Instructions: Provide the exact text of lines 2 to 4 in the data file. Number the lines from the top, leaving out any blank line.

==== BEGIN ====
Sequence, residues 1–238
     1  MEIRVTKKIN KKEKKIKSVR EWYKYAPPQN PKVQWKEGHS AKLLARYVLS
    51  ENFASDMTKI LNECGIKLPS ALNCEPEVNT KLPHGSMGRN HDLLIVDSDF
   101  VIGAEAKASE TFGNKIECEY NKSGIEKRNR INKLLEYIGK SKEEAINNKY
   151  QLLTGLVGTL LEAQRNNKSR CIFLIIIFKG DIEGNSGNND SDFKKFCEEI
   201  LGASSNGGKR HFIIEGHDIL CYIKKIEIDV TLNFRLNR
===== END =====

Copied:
     1  MEIRVTKKIN KKEKKIKSVR EWYKYAPPQN PKVQWKEGHS AKLLARYVLS
    51  ENFASDMTKI LNECGIKLPS ALNCEPEVNT KLPHGSMGRN HDLLIVDSDF
   101  VIGAEAKASE TFGNKIECEY NKSGIEKRNR INKLLEYIGK SKEEAINNKY